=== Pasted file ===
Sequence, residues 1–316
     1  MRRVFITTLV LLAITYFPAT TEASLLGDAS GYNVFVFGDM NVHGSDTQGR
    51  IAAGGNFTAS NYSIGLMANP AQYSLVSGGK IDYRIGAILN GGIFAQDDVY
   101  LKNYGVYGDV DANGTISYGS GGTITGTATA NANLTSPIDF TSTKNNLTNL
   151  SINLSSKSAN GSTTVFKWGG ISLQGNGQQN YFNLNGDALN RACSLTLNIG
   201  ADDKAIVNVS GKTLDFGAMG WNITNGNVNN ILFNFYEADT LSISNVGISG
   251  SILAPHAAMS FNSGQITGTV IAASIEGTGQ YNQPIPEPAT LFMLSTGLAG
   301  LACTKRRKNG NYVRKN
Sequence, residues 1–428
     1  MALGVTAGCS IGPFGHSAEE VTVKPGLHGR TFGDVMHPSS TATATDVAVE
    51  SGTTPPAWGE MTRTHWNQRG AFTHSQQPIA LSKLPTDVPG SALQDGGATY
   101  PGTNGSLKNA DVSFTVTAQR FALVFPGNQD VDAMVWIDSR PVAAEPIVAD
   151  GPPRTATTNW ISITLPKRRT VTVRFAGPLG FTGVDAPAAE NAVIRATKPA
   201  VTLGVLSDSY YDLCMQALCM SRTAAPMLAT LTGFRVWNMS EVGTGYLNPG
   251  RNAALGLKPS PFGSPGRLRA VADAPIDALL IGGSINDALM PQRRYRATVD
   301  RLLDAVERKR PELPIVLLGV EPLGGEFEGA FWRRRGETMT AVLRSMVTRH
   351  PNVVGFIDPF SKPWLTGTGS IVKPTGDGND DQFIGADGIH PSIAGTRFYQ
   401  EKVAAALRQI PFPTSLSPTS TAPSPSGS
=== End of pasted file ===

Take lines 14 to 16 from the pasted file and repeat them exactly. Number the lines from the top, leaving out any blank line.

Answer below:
   201  VTLGVLSDSY YDLCMQALCM SRTAAPMLAT LTGFRVWNMS EVGTGYLNPG
   251  RNAALGLKPS PFGSPGRLRA VADAPIDALL IGGSINDALM PQRRYRATVD
   301  RLLDAVERKR PELPIVLLGV EPLGGEFEGA FWRRRGETMT AVLRSMVTRH